How good a writer is Gail Simone? So good that she can
make even Gypsy from Justice League Detroit seem cool.
It's a brief shining moment in a run that has really been
nothing but shining moments. Though this arc, "Sensei &
Student," (a vague allusion to Jane Austen, perhaps), is
Simone's second, it ties neatly in with things set in motion
by the first. But more impressively, it also resonates with
Black Canary's past. That's a move that shows Simone's courage
as a writer, since the mother and daughter Canaries have
a rather complicated post-Crisis continuity.
Let this arc stand as evidence that Simone should be running
with the big boys of fan-favorites, if she's not already.
The writer clearly grasps the love fans have of history
without being a slave to it.
Though previous writers have tried to spotlight how powerful
the DCU superheroines are, most notably Phil Jimenez in
Wonder Woman, those efforts ended up being just too
crowded. Over the course of six issues, Simone has illuminated
just a few surprising characters, and given each a depth
only hinted at. Aside from Gypsy, even the little-used Katana
has a good scene.
It makes sense that there's a connection between Cheshire
and Lady Shiva; suddenly it also seems perfectly logical
that Black Canary II would have that same connection. And
yet there's a personal enmity between Dinah and Cheshire
that goes far beyond the hero-villain thing. Though they've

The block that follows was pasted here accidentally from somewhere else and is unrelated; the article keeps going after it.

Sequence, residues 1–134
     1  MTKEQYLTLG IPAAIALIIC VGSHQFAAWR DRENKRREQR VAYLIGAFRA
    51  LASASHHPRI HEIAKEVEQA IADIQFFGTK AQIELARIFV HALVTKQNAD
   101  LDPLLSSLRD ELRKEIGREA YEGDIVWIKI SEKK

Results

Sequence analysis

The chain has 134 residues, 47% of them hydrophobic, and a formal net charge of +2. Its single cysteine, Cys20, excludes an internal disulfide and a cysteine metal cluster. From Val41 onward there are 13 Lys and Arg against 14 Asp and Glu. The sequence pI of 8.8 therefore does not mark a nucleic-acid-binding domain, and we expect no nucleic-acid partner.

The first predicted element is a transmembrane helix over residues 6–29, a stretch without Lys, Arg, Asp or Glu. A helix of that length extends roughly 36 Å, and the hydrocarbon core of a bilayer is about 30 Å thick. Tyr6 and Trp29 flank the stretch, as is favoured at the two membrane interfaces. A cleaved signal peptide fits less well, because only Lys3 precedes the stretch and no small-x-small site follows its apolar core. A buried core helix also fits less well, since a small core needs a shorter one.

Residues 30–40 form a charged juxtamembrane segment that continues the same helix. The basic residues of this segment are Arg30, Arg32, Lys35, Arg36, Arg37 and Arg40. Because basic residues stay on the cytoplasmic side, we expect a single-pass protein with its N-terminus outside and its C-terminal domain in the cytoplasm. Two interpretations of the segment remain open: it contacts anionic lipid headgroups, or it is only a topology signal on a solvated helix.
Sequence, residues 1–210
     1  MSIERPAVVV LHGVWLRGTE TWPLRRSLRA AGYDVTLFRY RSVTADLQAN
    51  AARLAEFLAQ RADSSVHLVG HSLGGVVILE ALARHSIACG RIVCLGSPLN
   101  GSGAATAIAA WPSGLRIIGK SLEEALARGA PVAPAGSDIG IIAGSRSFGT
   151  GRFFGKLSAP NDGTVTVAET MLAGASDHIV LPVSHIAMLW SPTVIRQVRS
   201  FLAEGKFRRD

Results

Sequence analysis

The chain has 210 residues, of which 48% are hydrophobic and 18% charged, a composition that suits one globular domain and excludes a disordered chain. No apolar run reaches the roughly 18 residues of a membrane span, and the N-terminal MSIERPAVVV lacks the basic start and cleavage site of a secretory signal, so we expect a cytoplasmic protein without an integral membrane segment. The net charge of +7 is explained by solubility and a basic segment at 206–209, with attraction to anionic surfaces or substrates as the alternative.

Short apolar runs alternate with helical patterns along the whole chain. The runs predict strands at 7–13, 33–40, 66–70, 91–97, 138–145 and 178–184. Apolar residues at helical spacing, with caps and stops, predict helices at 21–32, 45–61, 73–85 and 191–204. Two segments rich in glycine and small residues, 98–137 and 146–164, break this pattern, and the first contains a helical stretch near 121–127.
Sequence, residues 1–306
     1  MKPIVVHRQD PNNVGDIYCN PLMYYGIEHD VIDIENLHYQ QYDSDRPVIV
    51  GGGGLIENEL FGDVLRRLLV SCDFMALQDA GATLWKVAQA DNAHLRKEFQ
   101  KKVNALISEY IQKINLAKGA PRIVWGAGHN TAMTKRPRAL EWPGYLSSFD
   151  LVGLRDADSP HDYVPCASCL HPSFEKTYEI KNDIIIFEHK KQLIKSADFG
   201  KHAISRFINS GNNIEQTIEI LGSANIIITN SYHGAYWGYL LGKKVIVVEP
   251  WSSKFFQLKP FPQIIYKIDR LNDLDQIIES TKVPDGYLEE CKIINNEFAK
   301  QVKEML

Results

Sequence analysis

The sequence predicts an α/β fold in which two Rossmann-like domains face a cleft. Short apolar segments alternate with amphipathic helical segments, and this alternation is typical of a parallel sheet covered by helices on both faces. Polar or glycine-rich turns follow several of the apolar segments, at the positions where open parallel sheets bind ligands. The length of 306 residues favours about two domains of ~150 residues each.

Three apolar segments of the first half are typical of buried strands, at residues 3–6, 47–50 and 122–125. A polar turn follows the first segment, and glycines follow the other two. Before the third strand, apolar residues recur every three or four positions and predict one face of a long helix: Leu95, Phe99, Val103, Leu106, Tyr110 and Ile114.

never been set up as archenemies before, Simone has connected
the dots that have always been there. And it's about time
Providing the visual connection, Benes apparently inks
himself this issue (the cover says Alex Lei inked, but the
interior credits don't). If Lei was not involved, then Benes
looks just fine without him.
Every character has a distinct look and body language.
It might be easy to dismiss Benes as a "good girl" artist
(or "bad girl" artist, take your pick), but he clearly understands
how to do more than just draw women in alluring poses. Besides,
we have Greg Land to take care of that department.
There are emotional throughlines on each page; notice
a quiet moment between Savant and his "sidekick" Creote.
All through this arc Benes has shown the transformation
of a sociopath realizing he might actually care about someone.
I'm not veering from my original thesis, though; Simone
clearly laid the groundwork for that. It's just that writer
and artist make a great team. Hey, just like Oracle and
Black Canary and The Huntress.
Actually, Simone has also opened the door for a wider
membership in the Birds. Again, something danced around
in the past, but because she writes these characters so
well, you can hope it comes to fruition.
I'm betting she can even make us beg for Looker to appear.